Sunday, September 14, 2014

LEE FANG - The Business of America is Dirty Tricks - Meet the United States Chamber of Commerce

Following the 2010 midterm elections, a group of defense contractors, including Palantir Technologies, a Silicon Valley data analysis startup, exchanged hundreds of emails discussing how to customize their wares for an exciting new prospective client. The contractors were developing a state-of-the-art surveillance system and had been in direct conversations with the Chamber and its law firm—by coincidence, Powell’s old employers at Hunton & Williams. The spying operation would gather massive amounts of personal information, some from meta-data scraped off social media accounts (like Facebook, LinkedIn, etc.) and some stolen through illicit “custom malware” attacks. The group, nicknamed “Team Themis” after the Greek goddess of law and order (say what you will about the kids who helm Silicon Valley startups, they have a well-developed sense of irony), would keep tabs on an array of journalists, activist groups, and labor unions. As one of the people crafting the proposal explained, Team Themis would resemble the “fusion cell” used by the Joint Special Operations Command—the elite military unit that hunted down Osama bin Laden.
For these contractors, the opportunity seemed like a natural application for their technology. After all, Palantir, a Big Data firm founded in part with an investment from the Central Intelligence Agency’s venture capital arm In-Q-Tel, has won contracts from several U.S. intelligence agencies, the Marines, and the Army. And Palantir’s proprietary software scans through immense quantities of information, searching for patterns. It’s tracked Taliban insurgents and Somali pirates, and it’s gained traction within the private sector, including a well-publicized contract to help JPMorgan Chase detect fraud.
The two other firms that make up Team Themis, HBGary Federal and Berico Technologies, employ a roster of executives with extensive backgrounds in clandestine cyber-security work. The president of HBGary Federal’s sister company, HBGary, is a legendary developer of “rootkits”—undetectable software that can be planted on a target computer for malicious purposes. For a modest charge of $60,000, HBGary offered a rootkit designed in partnership with General Dynamics that could monitor keystrokes, delete files, and crash a computer infected with its proprietary code. HBGary Federal—which, as the name suggests, is the government-sector wing of the company—attempted to sell contracts to the U.S. Air Force, among other clients.[***]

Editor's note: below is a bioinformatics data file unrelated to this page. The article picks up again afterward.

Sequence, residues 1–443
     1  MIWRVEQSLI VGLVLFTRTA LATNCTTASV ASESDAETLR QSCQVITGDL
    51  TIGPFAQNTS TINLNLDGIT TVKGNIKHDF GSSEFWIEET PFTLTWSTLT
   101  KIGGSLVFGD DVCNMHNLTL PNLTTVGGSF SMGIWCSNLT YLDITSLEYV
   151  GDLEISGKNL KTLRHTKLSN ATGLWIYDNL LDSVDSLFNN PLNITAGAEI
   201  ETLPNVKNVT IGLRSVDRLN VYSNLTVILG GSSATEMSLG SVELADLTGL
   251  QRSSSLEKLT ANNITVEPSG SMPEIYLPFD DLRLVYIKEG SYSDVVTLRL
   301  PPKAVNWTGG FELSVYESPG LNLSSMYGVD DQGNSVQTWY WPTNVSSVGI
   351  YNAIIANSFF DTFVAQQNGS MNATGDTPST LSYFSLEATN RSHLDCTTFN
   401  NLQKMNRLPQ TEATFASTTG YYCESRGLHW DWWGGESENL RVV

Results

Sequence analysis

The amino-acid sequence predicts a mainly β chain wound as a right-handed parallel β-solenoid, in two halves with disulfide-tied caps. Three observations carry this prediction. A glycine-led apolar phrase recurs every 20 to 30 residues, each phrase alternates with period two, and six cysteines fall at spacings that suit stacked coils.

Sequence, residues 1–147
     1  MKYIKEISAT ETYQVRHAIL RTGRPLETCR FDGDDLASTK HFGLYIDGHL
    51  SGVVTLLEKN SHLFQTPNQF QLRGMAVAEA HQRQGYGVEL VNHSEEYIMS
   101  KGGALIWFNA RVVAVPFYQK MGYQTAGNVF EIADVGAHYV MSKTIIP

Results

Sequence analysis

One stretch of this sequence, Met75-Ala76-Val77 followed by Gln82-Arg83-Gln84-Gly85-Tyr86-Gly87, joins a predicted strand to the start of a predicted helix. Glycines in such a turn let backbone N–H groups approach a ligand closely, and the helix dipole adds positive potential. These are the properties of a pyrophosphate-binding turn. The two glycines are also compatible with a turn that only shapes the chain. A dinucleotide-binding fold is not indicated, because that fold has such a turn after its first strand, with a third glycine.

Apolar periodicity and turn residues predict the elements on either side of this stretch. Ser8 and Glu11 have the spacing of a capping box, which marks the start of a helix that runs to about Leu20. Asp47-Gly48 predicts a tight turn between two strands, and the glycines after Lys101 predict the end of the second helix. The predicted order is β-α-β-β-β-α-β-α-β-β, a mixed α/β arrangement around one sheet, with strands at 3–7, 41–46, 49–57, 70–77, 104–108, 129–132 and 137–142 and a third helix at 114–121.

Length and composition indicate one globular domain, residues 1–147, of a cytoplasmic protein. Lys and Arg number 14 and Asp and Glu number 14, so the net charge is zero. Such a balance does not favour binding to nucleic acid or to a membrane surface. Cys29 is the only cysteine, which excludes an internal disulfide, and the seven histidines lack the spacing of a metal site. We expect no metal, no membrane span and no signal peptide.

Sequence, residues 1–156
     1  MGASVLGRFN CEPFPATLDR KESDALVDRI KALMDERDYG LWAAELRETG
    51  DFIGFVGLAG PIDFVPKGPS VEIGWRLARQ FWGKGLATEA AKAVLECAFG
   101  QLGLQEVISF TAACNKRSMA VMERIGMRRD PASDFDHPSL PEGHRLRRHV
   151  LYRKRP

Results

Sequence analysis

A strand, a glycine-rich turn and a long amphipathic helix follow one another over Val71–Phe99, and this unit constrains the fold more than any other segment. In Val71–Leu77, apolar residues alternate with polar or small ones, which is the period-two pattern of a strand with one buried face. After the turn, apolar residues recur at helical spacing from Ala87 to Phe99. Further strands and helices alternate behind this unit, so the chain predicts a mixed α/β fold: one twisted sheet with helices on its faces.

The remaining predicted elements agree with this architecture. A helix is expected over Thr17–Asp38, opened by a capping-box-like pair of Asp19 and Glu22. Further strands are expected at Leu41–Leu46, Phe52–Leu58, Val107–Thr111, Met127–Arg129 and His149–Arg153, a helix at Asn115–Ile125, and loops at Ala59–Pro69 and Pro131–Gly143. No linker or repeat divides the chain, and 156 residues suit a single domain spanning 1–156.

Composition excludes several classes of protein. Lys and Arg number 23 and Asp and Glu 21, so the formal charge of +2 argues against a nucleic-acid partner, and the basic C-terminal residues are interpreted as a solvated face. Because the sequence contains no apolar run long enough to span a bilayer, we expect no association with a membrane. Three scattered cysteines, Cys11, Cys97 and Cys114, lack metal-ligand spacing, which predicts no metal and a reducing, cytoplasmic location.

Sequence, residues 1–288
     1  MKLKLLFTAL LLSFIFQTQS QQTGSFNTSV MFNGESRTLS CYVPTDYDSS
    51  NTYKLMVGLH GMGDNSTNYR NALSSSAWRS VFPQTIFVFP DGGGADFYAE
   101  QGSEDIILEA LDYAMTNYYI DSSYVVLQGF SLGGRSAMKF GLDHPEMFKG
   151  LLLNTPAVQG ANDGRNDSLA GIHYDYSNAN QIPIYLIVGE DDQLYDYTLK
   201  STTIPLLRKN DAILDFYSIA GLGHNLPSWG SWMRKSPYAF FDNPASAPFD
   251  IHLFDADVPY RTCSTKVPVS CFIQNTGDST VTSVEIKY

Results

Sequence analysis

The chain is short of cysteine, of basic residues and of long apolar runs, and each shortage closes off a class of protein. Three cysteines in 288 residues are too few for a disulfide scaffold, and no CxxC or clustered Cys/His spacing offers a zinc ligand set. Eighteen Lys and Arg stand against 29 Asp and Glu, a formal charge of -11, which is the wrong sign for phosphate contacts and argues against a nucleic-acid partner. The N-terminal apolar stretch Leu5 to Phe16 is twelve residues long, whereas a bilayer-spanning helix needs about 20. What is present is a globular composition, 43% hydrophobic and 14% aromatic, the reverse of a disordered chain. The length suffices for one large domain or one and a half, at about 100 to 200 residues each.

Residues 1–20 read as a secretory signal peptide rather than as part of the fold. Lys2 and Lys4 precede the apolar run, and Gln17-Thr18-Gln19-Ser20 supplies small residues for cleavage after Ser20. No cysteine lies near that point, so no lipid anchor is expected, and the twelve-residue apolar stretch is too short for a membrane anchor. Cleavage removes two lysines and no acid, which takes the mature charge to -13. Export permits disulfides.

Now why would the Chamber of Commerce, America’s premier lobbying group, want to develop its own miniature National Security Agency? Consider the events that led up to its negotiations with Team Themis. Ever since the landmark electoral triumph of 2010, the Chamber has been consumed by paranoia. And it’s not hard to see why; institutional paranoia was, in many ways, the winning strategy that landed the House of Representatives firmly within the control of the nihilistic right. Just days before the Chamber’s attorneys reached out to the defense contractors, Bruce Josten, executive vice president for government affairs for the Chamber, appeared on Glenn Beck’s radio show to discuss the ways in which the Obama campaign sought to make the Chamber an “enemy of the state.”
Lower-grade versions of this jumpy, persecution-haunted self-image have since landed the Chamber in the same ever-vigilant, ever-fearful posture of keystroke-monitoring that fuels our postmodern digital surveillance state. It speaks volumes about the present synergies of our interwoven omnisurveillance sectors that diplomatic paranoia and its private-sector cousin are now used indiscriminately to market each other. .. read more: